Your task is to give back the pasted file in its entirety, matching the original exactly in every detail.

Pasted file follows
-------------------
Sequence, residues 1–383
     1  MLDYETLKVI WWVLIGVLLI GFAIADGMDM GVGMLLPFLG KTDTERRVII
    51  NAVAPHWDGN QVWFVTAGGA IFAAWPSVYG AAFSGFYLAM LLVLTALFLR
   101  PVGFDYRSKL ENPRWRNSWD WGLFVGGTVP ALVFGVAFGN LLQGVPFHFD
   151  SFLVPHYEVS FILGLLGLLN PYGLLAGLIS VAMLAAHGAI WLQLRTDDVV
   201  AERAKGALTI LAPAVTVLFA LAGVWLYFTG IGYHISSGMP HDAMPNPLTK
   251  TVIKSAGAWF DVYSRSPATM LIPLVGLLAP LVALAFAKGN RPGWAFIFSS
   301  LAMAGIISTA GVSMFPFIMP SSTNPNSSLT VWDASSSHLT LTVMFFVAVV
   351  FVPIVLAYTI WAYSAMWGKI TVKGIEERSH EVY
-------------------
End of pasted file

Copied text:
Sequence, residues 1–383
     1  MLDYETLKVI WWVLIGVLLI GFAIADGMDM GVGMLLPFLG KTDTERRVII
    51  NAVAPHWDGN QVWFVTAGGA IFAAWPSVYG AAFSGFYLAM LLVLTALFLR
   101  PVGFDYRSKL ENPRWRNSWD WGLFVGGTVP ALVFGVAFGN LLQGVPFHFD
   151  SFLVPHYEVS FILGLLGLLN PYGLLAGLIS VAMLAAHGAI WLQLRTDDVV
   201  AERAKGALTI LAPAVTVLFA LAGVWLYFTG IGYHISSGMP HDAMPNPLTK
   251  TVIKSAGAWF DVYSRSPATM LIPLVGLLAP LVALAFAKGN RPGWAFIFSS
   301  LAMAGIISTA GVSMFPFIMP SSTNPNSSLT VWDASSSHLT LTVMFFVAVV
   351  FVPIVLAYTI WAYSAMWGKI TVKGIEERSH EVY